Savings may have skyrocketed over the course of the pandemic, but the cost of living worldwide has increased significantly. The average household savings among Organisation for Economic Cooperation and Development (OECD) nations are predicted to dip by 6 percentage points from 2020 to 2022, according to Finder's analysis of data from the OECD.
9th for predicted 2022 savings rate
9% of household disposable income will be set aside as savings
Savings in AUD
$5,000 in savings per Australian household by year-end
- Australia ranks 9th for predicted savings, behind the US and Germany, but ahead of Canada and New Zealand.
- Households will save about 9% of their disposable income in 2022, higher than the global average of 7%.
- Australians savings rate dropped significantly from 15% in 2020.
- Aussie household savings average at around $5,000 in 2022, $3,849 less than they would have saved in 2020.
- Household savings are predicted to drop by an average of $2,947 across OECD nations.
Drop in Australian household savings
- Australian households are expected to save 9% of their disposable income in 2022.
- With an average disposable income of $58,143, this means that Aussie households are setting aside $5,000 for their savings in 2022.
- Although this ranks Australia in the top 10 savers according to the OECD, it's a significant drop from their actual savings pre-pandemic of 15%.
How Australia compares to the rest of the world
- On average, households in countries included in the OECD are expected to save about 7% of their disposable income in 2022.
- Leading the way are the Swiss who are forecasted to save a fifth (20%) of their household income. This is followed by Luxembourg at 17% and Sweden at 14%.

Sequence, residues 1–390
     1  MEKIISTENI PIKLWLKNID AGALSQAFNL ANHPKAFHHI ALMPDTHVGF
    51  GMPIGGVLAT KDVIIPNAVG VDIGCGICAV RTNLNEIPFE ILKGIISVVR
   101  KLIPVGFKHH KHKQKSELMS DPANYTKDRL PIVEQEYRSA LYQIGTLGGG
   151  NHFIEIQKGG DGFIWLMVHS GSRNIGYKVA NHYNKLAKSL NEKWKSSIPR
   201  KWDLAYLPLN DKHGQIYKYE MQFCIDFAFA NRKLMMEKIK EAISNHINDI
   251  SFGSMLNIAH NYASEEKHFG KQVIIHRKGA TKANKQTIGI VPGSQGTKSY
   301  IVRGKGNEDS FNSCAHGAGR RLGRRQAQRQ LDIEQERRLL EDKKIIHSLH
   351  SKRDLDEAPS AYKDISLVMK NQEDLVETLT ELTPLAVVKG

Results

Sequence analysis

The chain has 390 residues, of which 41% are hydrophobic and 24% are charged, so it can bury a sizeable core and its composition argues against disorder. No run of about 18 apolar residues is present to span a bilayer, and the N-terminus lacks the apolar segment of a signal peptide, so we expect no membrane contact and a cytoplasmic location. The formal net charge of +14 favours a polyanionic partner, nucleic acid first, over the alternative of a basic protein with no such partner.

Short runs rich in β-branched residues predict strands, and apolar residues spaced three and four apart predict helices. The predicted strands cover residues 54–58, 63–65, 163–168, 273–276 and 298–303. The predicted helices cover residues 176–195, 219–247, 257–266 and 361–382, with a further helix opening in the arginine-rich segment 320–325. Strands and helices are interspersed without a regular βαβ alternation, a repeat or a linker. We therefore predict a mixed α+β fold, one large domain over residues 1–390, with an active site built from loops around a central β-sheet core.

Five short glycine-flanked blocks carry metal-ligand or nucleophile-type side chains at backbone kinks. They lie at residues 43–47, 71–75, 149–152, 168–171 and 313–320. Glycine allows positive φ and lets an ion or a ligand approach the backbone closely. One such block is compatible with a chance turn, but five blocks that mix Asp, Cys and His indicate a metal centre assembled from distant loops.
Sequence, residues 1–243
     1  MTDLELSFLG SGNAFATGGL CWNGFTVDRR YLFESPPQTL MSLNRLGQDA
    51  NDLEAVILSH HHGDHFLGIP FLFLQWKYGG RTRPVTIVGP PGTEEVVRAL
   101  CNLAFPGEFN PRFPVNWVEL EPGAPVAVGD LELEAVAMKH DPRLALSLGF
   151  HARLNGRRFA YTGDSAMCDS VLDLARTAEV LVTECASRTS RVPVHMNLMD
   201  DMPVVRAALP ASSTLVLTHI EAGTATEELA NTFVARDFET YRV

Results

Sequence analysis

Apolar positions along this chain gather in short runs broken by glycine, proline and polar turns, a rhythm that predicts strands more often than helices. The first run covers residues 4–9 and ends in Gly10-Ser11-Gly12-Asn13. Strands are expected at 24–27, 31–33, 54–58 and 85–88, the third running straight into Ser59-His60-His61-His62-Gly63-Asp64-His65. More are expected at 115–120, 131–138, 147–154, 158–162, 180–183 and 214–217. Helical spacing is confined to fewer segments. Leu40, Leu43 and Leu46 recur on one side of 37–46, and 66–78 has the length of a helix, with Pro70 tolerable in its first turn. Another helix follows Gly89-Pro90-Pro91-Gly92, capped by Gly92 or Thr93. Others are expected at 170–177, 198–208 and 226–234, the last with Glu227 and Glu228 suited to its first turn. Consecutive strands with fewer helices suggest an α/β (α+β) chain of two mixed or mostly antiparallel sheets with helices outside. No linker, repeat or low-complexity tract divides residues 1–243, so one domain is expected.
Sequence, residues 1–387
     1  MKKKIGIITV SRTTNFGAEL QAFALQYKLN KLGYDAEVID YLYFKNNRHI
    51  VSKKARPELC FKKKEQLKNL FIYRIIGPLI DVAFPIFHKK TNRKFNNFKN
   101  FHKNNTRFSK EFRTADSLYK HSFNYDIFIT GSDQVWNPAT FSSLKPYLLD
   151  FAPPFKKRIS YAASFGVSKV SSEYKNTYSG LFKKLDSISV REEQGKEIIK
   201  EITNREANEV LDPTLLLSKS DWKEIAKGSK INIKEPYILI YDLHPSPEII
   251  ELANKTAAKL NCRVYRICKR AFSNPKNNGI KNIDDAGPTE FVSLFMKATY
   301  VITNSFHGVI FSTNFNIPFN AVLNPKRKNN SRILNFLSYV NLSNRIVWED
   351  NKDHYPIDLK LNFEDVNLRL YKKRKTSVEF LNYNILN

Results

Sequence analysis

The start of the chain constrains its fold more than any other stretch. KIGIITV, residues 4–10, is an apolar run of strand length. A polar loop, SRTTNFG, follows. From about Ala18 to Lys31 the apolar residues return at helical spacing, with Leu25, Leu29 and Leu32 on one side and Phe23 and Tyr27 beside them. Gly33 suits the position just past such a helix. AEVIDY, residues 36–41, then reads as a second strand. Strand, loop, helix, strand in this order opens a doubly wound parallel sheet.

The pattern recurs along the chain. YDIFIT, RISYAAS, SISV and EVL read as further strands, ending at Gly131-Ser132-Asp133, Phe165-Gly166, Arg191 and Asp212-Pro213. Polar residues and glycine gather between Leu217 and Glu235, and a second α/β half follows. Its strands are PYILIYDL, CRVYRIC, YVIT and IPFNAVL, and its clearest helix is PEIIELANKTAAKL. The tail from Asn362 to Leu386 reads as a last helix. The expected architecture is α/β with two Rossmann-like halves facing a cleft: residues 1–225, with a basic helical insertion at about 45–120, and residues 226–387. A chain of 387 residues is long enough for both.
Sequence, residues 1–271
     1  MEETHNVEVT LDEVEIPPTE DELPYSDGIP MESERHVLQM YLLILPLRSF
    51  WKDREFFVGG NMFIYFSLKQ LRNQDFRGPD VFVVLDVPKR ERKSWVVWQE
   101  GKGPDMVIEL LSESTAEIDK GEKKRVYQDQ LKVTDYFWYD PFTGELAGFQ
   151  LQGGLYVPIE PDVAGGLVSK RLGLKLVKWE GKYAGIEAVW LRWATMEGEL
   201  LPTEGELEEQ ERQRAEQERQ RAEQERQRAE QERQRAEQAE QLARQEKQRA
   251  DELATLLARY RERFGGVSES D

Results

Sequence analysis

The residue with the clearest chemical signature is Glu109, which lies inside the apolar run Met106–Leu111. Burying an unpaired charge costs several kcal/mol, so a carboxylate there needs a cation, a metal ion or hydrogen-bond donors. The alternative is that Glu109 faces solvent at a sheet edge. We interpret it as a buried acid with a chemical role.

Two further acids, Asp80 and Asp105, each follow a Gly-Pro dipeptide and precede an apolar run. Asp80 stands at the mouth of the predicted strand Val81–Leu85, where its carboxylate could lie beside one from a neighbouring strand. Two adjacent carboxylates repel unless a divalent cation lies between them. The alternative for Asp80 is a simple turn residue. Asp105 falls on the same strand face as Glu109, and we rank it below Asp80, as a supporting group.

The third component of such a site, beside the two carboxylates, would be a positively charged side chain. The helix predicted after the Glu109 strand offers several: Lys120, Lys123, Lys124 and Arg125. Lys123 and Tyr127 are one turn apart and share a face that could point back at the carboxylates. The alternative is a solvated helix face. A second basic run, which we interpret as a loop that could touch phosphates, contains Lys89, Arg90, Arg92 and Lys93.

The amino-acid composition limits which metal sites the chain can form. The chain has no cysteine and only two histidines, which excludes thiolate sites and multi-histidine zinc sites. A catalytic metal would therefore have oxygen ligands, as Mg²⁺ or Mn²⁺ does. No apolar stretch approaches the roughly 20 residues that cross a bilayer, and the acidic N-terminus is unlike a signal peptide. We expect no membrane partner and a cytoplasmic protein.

- In Australian dollars, this means the Swiss are saving an estimated $12,393 on average this year. Luxembourgers don't fall too far behind at $12,031, followed by the Swedes at $7,230.
- Countries and regions on par with the global average are Austria, Slovenia, Estonia and the Euro Area whose households are expected to save 7% of their income.
- On the other end of the spectrum are Polish adults who are predicted to have no savings this 2022. In fact, households in Poland may go into debt by 1% of their household income; the equivalent of -$331. Kiwis are also expected to go into debt by 0.2% or $121 and Italians round off the bottom 3 by saving just 1% of their income in 2022.
Global drop in household savings
- Globally, households are saving about 6 percentage points less of their disposable income now than they would have in 2020. In 2020, household savings averaged 13%, much higher compared to the predicted 7% for 2022.
- This means savings dropped by an average of $2,947 across the OECD nations.
- Ireland is expected to see the biggest drop in savings from 21% down to just 7%. That's equivalent to $6,815 less in savings than they would have in 2020.
- This is followed by the Czech Republic (-11% or $4,361), Italy (-9% or $4,201), Slovenia (-9% or $3,510) and Canada (-8% or $4,507). Meanwhile, Australians will see the 10th biggest drop at 7% or $3,849.
- Luxembourg (1%), Latvia (1%) and the Slovak Republic (2%) are projected to have the smallest drops.
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